Help Still Wanted: May 2 – 6

The labor market remained hot while the Fed moved to put out the inflation fire. Here are the five things we learned from U.S. economic data released during the week ending May 6. 


1. April was a solid month for job creation. Nonfarm employers added a seasonally adjusted 420,000 workers to the payrolls during the month, just short of the 428,000 new jobs in March. Even though this was the 24th consecutive month of job creation, the Bureau of Labor Statistics measure remains 1.190 million below its pre-pandemic peak in February 2022. In April, private-sector employers added 406,000 workers, split between 340,000 in the service sector and 66,000 in the goods-producing sector. The industries adding the most workers during the month were leisure/hospitality (+78,000), manufacturing (+55,000), transportation/warehousing (+52,000), and health care/social assistance (+40,900). The average weekly wage of $1,102.01 was up 4.6 percent from a year earlier. 

The separate household survey kept the unemployment rate at its pandemic-low of 3.6 percent, even as 363,000 people departed the labor force. Also falling was the labor force participation rate (down 2/10ths of a point to 62.2 percent). The participation rate for adults 25-54 slipped by 1/10th of a point to 82.4 percent. The median length of unemployment held steady at 7.5 weeks, while the count of part-time workers wanting a full-time job declined by 137,000 to 4.033 million (itself a pandemic low). The broadest measure of labor underutilization (the U-6 series) crept up by 1/10th of a point to 7.0 percent. 

The number of job openings and people quitting their jobs hit records (again) in March. Job openings grew by 205,000 to a seasonally adjusted 11.549 million during the month. Openings have risen 36.2 percent over the past year and now sit at an all-time record for the Bureau of Labor Statistics measure. The private sector was responsible for 10.504 million of the available jobs. Industries with at least one million open positions include retail, professional/business services, health care/social assistance, and accommodation/food services. Hiring not only continued to lag job postings, but it also decelerated in March, slowing by 95,000 to 6.737 million (+8.5 percent versus March 2021). Two industries—professional/business services and accommodation/food services—hired more than a million workers. Rising were separations, as 6.321 million people left their jobs in March (+14.1 percent versus March 2021). The count of people quitting their jobs rose to another record, up 152,000 to 4.536 million (+22.8 percent versus March 2021). Layoffs crept up by 51,000 to 1.405, 7.1 percent below year-ago levels.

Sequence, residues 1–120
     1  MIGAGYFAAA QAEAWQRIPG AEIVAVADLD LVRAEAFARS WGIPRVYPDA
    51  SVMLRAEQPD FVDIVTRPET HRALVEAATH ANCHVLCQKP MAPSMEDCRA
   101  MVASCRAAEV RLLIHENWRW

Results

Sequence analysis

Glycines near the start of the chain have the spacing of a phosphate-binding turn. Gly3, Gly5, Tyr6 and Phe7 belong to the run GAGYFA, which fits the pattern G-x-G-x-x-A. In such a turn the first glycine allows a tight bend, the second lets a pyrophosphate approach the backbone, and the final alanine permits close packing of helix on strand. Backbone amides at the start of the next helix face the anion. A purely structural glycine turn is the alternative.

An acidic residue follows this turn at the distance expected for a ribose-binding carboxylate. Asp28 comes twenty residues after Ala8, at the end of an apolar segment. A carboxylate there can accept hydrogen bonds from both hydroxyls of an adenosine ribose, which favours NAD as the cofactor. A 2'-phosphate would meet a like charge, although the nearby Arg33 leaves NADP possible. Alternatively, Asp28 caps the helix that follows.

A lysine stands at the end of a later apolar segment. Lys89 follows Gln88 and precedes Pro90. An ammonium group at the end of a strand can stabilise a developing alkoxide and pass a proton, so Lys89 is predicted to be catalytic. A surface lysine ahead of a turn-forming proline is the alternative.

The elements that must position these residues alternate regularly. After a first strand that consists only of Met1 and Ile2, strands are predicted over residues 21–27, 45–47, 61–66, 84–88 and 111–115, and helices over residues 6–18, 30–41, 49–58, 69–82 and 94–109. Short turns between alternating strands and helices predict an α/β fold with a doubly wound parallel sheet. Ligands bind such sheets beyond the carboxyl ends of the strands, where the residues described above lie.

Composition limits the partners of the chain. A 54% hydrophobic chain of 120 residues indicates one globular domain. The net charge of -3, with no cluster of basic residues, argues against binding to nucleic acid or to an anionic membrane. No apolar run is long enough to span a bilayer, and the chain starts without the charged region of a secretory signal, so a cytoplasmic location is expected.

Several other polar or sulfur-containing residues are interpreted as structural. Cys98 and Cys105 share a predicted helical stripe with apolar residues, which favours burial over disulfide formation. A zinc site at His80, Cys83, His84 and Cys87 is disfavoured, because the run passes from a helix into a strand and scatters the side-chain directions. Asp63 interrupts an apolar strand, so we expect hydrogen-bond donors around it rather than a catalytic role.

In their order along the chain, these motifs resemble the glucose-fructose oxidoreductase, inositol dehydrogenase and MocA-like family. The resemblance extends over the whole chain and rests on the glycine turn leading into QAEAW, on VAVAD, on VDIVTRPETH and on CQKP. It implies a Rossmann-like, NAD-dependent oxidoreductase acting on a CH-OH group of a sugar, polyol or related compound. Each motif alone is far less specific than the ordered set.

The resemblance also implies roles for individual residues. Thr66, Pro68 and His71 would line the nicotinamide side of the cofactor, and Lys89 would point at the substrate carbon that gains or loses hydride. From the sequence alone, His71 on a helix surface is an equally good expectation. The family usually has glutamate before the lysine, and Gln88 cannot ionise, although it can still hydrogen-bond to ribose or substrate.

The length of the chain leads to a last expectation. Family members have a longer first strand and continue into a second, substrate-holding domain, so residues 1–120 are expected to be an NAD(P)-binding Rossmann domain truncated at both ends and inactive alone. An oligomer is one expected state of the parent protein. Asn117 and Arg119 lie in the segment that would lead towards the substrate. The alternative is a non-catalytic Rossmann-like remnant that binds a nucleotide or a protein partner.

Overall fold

The Fed took action. The policy statement released following the past week’s meeting of the Federal Open Committee Meeting acknowledged Q1’s drop in the gross domestic product (GDP) as it noted that consumer and business spending “remained strong” and that the labor market was “robust.” It also raised the specter that the Russian invasion of Ukraine and supply chain issues tied to COVID lockdowns in China will continue to add fuel to the inflationary environment. As a result, the Committee voted unanimously to raise the fed funds target rate by a half percentage point to a range between 0.75 percent and 1.00 percent “and anticipates that ongoing increases in the target range will be appropriate.” Further, the Fed will be shedding holdings of Treasury and mortgage-backed securities from its balance sheet starting in June.